The truth is always imperfect, but Nussbaum’s argument for critical compassion does not aim for perfection. The emotional impact of the encoded situation is powerful but dangerously inaccurate, while the nuance of the decoded situation is accurate but crippled; both are useful, both flawed. However, Nussbaum’s motivation for arguing for critical compassion is that it will improve our ability to look beyond ourselves both with compassion and understanding. Critical compassion arises from a tension between encoding and decoding, emotion and criticism of emotion. As it leans to encoding, it lends power; as it leans to decoding, understanding. Attempting both at once leads to contradictions: a Tyler at once exactly the bullied kid our gut tells us he is and yet not, or a Hecuba at once familiar and foreign.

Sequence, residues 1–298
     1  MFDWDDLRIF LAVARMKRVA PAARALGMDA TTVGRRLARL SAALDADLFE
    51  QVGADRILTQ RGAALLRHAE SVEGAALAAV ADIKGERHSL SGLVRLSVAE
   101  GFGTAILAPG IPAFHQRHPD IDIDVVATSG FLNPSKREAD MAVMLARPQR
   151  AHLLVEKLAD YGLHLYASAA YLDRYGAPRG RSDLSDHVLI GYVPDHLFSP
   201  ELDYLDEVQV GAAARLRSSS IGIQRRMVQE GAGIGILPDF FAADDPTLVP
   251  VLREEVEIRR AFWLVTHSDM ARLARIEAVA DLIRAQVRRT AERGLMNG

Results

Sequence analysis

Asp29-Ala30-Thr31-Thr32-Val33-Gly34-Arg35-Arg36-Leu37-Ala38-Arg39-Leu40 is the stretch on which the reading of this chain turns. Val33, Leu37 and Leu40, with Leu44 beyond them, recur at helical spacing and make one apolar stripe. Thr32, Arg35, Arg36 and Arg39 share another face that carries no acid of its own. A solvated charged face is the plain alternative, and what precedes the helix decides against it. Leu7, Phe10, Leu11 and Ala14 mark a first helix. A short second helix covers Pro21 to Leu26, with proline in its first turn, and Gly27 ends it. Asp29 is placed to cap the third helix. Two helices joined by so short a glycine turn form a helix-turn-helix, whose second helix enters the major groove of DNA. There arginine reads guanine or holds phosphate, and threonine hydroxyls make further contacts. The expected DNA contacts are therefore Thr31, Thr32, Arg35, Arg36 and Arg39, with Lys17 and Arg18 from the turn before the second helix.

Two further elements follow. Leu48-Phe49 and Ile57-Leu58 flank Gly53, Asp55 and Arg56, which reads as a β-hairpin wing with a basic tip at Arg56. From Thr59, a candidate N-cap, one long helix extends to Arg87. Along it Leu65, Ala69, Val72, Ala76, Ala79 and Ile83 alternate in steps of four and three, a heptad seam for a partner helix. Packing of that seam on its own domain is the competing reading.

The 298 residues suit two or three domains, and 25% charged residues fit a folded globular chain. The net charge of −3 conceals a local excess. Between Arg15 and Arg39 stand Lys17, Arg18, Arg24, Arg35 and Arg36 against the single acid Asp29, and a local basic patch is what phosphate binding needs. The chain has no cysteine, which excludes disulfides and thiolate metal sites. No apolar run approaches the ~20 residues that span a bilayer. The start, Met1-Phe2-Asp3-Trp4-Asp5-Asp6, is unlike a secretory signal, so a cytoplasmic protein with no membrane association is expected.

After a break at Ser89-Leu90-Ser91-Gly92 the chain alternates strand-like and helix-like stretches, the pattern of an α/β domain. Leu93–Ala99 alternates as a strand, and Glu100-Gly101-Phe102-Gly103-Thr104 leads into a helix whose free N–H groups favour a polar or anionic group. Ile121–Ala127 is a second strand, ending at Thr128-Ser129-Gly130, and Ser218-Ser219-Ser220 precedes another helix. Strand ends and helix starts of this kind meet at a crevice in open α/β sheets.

All this is not to say that strong-enough, thorough-enough compassion is impossible—Nussbaum’s and Parker’s analyses are examples of attempts at such compassion—but rather to reiterate that such attempts are just that: attempts toward an ideal whose dialogic nature provides only for approximation. True compassion for Tyler requires a consciousness of this fact, a remove from pure emotion. Since I wrote the first draft of this essay, Dharun Ravi has been found guilty on fifteen charges, including ones that typically carry a prison sentence of five to ten years (thankfully he only served about 20 days) (Zernike 1). The prosecutor said of the jury, “They felt the pain of Tyler” (qtd. in Zernike 1). Yet again, it seems, compassion has failed.
“It Gets Better Project.” It Gets Better. Savage Love, LLC, 21 Sept. 2010. Web. 30 Apr. 2013.
Nussbaum, Martha C. “Compassion & Terror.” Daedalus 132.1 (2003): 10–26. Print.
Parker, Ian. “The Story of a Suicide.” The New Yorker. Condé Nast, 6 Feb. 2012. Web. 5 Feb. 2012.
Zernike, Kate. “Dharun Ravi Guilty of Hate Crimes in Rutgers Case.” The New York Times. 16 Mar. 2012. Web. 21 May 2012.